The Man Who Invented Christmas is a quiet, thoughtful and intimate film with enough charm, emotional weight, and quality that you should see it.
Reader Rating2 Votes
Christmas, it seems to arrive a fraction earlier every year and this year is no different with the Dan Stevens film The Man Who Invented Christmas. The first week of December will see the true story of the conception of the greatest Christmas tale of all time, A Christmas Carol.
The Man Who Invented Christmas is the true story of Charles Dickens (Stevens) and how he conceived the idea of A Christmas Carol and then brought it to life in just a few short weeks. The film also deals with Dickens early life, his relationship with his family and his many eccentricities that people both loved and hated. Sprinkled in is a theatrical dose of wonder thanks to several magical decisions by director Bharati Nalluri who balances the more wondrous elements of the film with the human moments.
The word of the day when it comes to The Man Who Invented Christmas is charm the whole films radiates charm and it centres all around its leading man Mr. Stevens. Stevens is the main reason why this film works, he’s in every scene you follow his journey and you learn so much about what has made him the man he is and if Stevens wasn’t so magnetic this film wouldn’t work. Stevens Charles Dickens is an eccentric madman that tries so hard to please everyone so that he can make the world a brighter place because if you can do so why shouldn’t you which is his mantra in life. He does have a darker side though and as the film progresses audiences see how his past may haunt him more than even he realises. It’s quite a fantastic and dynamic contrast when seeing someone who brought so much joy to the world face real problems in their lives and it gives the audience a definitive sense of who Charles Dickens was and who he was to those around him.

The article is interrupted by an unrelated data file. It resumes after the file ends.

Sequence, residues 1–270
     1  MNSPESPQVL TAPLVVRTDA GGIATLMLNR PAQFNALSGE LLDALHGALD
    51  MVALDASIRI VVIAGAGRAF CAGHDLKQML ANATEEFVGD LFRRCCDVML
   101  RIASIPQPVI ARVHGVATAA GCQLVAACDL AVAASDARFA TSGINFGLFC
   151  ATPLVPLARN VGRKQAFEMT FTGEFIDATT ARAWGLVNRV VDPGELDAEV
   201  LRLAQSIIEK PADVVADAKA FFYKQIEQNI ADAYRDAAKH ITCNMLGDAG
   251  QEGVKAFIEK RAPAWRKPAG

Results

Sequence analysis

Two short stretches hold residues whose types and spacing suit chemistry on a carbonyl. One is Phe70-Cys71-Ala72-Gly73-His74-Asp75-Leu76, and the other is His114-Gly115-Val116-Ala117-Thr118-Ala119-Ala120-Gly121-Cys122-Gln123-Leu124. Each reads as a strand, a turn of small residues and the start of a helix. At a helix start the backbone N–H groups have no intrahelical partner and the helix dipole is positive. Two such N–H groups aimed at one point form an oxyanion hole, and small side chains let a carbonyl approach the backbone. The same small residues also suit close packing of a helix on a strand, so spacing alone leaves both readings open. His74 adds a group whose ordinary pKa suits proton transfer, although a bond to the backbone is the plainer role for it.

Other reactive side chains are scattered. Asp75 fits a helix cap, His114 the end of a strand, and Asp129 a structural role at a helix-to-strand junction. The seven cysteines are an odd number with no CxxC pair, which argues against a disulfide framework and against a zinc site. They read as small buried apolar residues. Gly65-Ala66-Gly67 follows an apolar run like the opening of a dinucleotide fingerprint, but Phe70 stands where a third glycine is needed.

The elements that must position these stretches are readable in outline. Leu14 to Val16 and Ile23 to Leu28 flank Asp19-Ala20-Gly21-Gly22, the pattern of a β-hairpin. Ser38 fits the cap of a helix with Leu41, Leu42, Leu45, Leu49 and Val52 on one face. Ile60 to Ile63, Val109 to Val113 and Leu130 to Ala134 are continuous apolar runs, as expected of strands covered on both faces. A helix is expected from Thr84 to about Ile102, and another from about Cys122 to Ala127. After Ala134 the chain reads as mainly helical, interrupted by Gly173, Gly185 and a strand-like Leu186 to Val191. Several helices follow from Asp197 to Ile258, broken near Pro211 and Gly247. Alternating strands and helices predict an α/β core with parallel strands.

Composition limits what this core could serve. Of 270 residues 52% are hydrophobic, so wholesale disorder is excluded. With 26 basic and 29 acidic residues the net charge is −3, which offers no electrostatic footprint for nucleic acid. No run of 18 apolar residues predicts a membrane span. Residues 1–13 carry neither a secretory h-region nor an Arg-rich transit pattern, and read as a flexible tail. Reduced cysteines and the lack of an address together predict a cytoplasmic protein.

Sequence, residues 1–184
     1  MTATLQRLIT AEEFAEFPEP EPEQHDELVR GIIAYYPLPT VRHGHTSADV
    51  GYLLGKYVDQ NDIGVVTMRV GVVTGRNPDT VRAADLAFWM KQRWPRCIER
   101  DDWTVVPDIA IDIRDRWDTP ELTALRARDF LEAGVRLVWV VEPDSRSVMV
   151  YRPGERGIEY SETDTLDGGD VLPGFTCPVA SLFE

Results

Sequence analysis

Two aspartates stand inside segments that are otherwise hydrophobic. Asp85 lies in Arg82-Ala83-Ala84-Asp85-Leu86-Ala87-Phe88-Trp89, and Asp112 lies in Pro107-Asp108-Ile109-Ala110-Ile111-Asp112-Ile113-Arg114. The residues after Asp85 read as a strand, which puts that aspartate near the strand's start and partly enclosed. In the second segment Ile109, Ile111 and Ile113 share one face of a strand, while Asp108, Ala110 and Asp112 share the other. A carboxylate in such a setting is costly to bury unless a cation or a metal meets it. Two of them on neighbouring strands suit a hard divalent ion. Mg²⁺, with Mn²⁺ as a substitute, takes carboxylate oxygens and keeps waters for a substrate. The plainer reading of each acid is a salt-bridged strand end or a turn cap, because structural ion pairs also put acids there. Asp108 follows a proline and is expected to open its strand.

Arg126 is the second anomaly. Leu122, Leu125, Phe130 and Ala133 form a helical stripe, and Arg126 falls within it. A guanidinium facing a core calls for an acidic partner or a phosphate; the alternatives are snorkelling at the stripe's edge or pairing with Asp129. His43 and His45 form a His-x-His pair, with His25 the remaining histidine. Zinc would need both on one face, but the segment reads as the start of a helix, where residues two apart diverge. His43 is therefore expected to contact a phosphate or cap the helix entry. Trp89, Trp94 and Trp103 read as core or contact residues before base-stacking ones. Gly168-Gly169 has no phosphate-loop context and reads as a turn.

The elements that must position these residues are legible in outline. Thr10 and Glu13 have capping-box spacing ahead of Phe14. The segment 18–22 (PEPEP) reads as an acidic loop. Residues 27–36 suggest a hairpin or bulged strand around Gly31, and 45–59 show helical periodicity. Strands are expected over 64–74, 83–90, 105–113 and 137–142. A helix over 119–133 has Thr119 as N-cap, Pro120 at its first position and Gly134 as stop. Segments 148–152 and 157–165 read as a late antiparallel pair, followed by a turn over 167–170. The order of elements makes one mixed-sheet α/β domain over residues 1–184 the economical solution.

The Man Who Invented Christmas also has a wonderful cinematic style where all of Dickens imaginative characters come to life to help him shape his world. It’s here we meet Christopher Plummers Scrooge who is a surprisingly dark force in the film, at first he’s the usual miser that everyone knows the character to be but towards the tale end of the film there is an emotional exchange between Scrooge and Dickens that shifts the character of Dickens and the audience’s perception of him to a whole new avenue and it was a highlight for me.
If there were issues with The Man Who Invented Christmasthey would be with the handling of the creation of A Christmas Carol. Seeing the supposed inspirations for Dickens was interesting but at times was too on the nose for me. Watching how the people around him inspired the characters that would inhabit A Christmas Carol was a weak element. It came across as a Pantomime almost and not only that their scenes are only fleeting moments in the film as the true story of The Man Who Invented Christmas is dealing with who Charles Dickens was as an author, a husband, and a son. This was what brought me to the film and helped keep me engaged when some of the lesser aspects diminished the overall quality of the story.
The Man Who Invented Christmas is a quiet, thoughtful and intimate film and during this season that might be overlooked for the more bombastic event films that are coming out around it but it has enough charm, emotional weight, and quality that you should see it.